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Spatial and temporal patterns in erosion from forest roads

Posted date: July 24, 2006
Publication Year: 
2001
Publication Series: 
Book Chapter
Source: In: Wigmosta, M. S.; Burges, S. J., eds. Land use and watersheds: human influence on hydrology and geomorphology in urban and forest areas. Water science and application, Vol. 2. Washington, D.C.: American Geophysical Union: 165-178.

Abstract

Erosion from forest roads is an important contribution to the sediment budget of many forested basins, particularly over short time scales. Sediment production from 74 road segments was measured over three years to examine how road slope, segment length, cutslope height, and soil texture affect sediment production and how these relationships change with time. In the first year, differences in sediment production between plots could be explained by differences in sediment transport capacity of the plots. With time, differences between plots of different slope, length, cutslope height, and soil were reduced as all plots produced less and less sediment. Recovery was rapid with around 70% recovery between by the second year and 90% recovery by the third year.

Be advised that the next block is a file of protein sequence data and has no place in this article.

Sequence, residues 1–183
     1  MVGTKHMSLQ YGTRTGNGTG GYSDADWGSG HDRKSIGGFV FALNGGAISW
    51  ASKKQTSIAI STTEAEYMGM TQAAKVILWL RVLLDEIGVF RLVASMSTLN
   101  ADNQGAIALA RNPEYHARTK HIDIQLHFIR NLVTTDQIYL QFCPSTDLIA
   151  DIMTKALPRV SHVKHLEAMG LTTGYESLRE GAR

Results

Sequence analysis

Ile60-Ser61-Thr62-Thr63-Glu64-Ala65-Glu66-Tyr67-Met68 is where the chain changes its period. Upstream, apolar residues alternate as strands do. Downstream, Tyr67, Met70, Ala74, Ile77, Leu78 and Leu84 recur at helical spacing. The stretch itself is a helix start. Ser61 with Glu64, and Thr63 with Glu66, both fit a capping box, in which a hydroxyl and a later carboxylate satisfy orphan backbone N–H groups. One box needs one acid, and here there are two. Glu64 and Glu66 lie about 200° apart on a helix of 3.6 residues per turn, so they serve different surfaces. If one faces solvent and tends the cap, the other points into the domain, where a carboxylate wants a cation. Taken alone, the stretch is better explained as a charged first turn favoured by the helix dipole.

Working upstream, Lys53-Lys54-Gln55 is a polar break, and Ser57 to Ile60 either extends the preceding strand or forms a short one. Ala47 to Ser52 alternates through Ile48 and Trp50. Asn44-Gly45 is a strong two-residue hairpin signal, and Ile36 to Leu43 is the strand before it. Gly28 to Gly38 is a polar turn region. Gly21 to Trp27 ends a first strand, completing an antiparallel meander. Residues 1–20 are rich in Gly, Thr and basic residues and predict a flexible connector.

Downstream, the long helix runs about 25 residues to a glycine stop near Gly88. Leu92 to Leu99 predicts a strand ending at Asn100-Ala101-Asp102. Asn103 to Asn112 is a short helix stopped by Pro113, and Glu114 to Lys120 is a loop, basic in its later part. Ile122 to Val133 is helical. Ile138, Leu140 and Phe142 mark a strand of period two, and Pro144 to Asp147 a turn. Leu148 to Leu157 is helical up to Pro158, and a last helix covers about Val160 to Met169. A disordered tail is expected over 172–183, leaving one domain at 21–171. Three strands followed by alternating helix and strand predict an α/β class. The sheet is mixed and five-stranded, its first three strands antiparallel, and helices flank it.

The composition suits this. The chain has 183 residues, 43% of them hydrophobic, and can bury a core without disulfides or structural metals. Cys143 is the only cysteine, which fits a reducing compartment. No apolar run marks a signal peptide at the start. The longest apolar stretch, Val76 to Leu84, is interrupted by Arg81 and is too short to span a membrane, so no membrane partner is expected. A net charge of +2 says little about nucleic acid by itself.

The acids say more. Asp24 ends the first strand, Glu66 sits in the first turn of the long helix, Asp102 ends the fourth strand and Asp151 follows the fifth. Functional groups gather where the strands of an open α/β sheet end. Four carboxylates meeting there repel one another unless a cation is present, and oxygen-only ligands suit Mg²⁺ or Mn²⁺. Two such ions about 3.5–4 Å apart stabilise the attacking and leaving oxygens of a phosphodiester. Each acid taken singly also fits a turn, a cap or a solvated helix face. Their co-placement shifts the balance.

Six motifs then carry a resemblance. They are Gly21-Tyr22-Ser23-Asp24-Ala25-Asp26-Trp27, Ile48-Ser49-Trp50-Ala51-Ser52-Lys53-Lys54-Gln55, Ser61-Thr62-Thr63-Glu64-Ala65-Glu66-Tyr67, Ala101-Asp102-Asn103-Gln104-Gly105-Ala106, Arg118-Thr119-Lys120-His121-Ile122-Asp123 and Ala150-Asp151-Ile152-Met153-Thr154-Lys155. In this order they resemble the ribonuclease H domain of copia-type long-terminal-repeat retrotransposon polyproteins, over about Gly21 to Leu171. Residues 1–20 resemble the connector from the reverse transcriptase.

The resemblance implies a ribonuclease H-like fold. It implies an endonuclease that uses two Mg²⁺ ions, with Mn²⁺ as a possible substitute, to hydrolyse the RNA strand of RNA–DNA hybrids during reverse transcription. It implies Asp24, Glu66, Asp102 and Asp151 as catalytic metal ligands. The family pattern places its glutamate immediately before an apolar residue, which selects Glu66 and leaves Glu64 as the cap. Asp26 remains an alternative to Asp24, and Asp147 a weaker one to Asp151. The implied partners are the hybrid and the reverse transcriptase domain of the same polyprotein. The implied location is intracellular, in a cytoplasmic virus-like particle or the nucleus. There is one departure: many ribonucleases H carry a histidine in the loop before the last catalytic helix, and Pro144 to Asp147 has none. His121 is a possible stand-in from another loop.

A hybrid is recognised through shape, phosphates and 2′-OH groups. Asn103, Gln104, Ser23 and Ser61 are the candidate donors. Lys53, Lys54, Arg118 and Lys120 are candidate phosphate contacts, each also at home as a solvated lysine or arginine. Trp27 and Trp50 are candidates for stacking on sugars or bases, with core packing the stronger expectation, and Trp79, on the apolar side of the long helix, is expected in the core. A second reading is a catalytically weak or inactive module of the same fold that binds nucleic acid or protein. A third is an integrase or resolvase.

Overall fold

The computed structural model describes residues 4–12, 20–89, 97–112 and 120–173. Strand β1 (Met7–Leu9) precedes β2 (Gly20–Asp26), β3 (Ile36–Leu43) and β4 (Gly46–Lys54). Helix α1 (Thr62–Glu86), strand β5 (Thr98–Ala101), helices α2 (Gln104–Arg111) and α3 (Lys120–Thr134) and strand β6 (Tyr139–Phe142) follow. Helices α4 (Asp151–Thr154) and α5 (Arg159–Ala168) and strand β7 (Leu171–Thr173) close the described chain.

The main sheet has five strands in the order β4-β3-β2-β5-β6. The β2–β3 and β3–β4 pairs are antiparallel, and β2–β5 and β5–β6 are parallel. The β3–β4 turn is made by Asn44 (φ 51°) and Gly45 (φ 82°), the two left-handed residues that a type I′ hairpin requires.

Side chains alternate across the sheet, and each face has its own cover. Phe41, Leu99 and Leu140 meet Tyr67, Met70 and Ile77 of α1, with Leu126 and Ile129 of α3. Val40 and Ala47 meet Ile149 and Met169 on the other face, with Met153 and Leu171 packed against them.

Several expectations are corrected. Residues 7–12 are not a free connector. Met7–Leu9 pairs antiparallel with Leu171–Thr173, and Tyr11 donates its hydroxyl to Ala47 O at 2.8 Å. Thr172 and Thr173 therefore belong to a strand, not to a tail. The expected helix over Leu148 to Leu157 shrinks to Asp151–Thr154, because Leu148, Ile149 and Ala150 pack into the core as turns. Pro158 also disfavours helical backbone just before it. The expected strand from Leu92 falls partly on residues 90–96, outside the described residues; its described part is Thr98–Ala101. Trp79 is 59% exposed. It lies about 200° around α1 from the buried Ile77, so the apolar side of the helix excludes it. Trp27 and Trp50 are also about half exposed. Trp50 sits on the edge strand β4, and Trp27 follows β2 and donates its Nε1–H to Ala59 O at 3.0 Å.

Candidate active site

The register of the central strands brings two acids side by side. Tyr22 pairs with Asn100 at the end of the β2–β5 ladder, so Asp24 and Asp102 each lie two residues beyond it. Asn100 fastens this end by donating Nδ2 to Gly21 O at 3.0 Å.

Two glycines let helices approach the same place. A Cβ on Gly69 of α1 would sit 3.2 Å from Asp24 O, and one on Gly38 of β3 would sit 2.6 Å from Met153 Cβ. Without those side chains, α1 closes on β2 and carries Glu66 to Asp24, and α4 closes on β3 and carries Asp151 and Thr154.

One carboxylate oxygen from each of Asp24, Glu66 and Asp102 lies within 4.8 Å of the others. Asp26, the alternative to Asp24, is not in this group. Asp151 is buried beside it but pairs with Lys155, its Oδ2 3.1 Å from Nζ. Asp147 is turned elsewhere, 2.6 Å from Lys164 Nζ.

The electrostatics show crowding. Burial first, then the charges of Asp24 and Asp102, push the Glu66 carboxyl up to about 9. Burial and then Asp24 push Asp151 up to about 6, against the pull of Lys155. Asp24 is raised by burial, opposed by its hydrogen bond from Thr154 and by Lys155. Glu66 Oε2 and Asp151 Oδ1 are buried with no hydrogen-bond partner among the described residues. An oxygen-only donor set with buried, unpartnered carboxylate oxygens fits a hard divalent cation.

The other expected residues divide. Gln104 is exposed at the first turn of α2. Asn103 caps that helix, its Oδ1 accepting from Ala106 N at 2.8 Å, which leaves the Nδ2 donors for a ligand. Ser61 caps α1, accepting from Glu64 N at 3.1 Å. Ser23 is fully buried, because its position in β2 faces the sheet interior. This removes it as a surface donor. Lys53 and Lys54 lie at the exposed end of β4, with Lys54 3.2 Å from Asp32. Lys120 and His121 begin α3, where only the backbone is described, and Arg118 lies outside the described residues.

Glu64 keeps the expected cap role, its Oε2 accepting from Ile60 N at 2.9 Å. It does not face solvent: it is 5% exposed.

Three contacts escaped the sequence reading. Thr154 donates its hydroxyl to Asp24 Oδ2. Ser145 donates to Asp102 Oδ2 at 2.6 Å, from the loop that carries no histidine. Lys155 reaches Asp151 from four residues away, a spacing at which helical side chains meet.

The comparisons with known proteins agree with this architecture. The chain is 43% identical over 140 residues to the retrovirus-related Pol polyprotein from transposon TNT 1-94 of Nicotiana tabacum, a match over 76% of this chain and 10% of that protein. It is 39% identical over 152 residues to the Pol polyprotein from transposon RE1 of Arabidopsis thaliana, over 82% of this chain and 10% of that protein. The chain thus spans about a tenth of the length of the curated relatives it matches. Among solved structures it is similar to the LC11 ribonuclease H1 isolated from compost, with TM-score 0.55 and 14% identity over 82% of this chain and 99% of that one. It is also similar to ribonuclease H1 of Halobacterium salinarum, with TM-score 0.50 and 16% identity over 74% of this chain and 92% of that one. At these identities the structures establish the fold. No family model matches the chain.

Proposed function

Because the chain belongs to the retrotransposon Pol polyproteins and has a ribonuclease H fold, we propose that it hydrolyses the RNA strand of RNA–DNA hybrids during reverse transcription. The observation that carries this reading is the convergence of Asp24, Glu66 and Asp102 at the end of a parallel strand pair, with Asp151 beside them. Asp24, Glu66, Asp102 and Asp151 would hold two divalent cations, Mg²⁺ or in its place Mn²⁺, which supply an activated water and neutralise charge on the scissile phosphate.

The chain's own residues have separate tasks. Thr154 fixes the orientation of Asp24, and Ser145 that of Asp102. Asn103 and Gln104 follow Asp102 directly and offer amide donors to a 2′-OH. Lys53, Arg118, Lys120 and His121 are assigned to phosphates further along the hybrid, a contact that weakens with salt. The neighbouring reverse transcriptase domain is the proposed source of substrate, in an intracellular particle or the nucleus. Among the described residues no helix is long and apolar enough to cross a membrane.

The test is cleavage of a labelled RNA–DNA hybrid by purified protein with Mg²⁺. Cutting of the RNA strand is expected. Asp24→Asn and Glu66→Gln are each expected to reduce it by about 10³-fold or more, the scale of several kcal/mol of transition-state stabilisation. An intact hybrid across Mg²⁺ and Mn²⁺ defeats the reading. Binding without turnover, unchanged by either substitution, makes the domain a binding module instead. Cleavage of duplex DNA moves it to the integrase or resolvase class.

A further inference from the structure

Citation

Luce, Charles H.; Black, Thomas A. 2001. Spatial and temporal patterns in erosion from forest roads. In: Wigmosta, M. S.; Burges, S. J., eds. Land use and watersheds: human influence on hydrology and geomorphology in urban and forest areas. Water science and application, Vol. 2. Washington, D.C.: American Geophysical Union: 165-178.